HunterThompson3 March 21, 2012 at 12:32 pm

Here’s what I can offer. I am a 12 handicap, and, the later part of last year, started using the XCG-V 15 degree for teeing off. At about 245 yards I was pleased, but, was 20-30 yards short of my buddies. In the short grass, mind you (rarley miss fairways), but, short.
I saw the XCG5 11.5 Deg 3+ wood. Bought it sight unsee and untested. Used it may last round ,and, got 20+ yards off the tee. Had the GD Tour AD Stiff shaft. It’s a wonderful club. It’s small. It sounds great. it has great response, and, if I have to step on it, I can, and, it goes. You need a driver replacment? This is the one.


Yohanan March 17, 2012 at 10:20 pm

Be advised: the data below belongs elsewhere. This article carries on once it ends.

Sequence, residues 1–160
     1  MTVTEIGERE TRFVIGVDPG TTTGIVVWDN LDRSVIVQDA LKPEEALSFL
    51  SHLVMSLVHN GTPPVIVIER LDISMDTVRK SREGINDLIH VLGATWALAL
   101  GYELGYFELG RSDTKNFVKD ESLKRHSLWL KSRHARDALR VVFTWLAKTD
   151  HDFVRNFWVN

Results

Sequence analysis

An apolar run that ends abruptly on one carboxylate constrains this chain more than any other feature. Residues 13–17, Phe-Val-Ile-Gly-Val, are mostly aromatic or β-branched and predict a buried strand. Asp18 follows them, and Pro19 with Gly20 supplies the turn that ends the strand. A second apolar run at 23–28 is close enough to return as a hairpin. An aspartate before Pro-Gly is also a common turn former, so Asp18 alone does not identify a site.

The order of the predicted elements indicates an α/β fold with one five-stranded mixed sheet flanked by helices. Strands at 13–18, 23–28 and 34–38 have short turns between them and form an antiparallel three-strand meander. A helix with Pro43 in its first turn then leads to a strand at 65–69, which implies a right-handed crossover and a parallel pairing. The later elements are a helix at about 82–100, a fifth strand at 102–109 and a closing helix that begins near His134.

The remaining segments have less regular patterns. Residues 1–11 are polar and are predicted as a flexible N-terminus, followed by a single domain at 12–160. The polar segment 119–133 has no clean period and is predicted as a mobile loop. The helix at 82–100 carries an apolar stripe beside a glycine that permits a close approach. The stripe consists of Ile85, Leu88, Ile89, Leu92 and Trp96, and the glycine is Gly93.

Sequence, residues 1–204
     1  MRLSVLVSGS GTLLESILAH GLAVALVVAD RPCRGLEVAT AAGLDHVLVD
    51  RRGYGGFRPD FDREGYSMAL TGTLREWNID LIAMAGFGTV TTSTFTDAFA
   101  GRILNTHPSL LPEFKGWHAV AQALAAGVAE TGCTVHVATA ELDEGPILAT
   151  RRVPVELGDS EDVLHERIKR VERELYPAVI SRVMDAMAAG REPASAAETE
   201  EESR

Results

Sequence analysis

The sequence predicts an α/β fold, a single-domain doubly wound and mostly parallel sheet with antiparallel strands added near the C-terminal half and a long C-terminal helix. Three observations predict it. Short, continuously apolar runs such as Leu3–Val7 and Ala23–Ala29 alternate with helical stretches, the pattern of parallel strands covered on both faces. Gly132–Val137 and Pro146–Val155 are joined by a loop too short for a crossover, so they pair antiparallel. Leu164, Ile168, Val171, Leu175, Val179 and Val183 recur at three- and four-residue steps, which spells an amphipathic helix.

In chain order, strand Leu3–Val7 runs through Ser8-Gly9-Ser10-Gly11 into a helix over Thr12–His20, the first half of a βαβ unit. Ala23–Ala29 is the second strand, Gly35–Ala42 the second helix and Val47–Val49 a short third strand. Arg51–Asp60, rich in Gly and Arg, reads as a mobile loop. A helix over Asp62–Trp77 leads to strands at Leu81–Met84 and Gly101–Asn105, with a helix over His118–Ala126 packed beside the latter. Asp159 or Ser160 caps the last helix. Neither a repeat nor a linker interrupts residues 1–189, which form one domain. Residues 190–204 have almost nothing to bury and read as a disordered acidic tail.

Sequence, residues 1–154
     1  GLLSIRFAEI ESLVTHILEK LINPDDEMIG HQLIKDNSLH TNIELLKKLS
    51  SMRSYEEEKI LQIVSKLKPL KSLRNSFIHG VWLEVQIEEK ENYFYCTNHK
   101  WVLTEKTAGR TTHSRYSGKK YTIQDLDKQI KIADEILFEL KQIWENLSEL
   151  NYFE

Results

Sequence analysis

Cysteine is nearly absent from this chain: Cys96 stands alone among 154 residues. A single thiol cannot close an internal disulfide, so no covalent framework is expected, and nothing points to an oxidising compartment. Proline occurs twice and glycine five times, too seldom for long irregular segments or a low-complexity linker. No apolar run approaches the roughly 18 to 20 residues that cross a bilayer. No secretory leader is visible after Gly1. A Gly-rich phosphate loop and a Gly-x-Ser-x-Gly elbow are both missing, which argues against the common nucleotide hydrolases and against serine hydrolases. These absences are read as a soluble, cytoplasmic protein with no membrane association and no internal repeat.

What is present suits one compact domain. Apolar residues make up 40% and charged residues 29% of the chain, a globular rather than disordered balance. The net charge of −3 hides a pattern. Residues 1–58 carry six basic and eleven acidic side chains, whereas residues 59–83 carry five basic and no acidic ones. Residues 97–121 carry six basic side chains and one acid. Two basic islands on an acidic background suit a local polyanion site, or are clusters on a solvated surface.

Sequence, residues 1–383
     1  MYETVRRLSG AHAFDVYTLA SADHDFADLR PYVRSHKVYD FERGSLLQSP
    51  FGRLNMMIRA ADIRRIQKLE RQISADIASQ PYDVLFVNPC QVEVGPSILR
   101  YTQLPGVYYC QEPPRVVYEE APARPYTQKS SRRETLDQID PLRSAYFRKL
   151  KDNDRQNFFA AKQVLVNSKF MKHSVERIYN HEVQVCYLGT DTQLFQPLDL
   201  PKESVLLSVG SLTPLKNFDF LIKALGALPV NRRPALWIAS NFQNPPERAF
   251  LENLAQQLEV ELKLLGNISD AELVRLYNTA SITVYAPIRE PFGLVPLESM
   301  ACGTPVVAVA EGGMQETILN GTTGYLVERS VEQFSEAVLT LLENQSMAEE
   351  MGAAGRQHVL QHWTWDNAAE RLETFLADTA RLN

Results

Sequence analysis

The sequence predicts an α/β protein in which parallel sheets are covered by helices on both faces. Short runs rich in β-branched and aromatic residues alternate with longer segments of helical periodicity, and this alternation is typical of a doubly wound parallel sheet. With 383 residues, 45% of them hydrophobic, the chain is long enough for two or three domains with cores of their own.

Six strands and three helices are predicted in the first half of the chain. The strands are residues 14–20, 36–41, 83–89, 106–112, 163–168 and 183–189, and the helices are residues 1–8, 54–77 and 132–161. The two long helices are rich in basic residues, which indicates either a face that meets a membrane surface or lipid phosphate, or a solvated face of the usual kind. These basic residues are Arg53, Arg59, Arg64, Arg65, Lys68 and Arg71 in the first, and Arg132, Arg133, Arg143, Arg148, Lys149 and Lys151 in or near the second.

Hey Gunmetal
You must be a fitter? It is sooo hard to find a good fiiter that BOTH highly knowledagble and well stocked to fit the variety of golfers and their swings AND while keeping up with the differences betwwen shafts types within a manufacturer. i walk into a pga super store in englewood co friday, hoping to see a ust vts red anywhere for any club in any cart or on the rack by chance and no dice. I guess i am off to a ust fitter in loomis ca and maybe he has one in a club i can hit?

Or something to help my high spin swing with a high angle of attack?

Anyone who has any info on either issue please reply. As i have been looking for help since september and havent gotten back the payback yet.

I am trying to replace a 9 degrre NEXT 360 cc driver with the old blue and white ust shaft. Wore the face out. Killed it 270 down the middle and could work it both ways a bit. The driver had a production run of a few hundred before the owner took off to mexico with all the cash from the golf channel commercials and left his partner with nothing but pissed off people.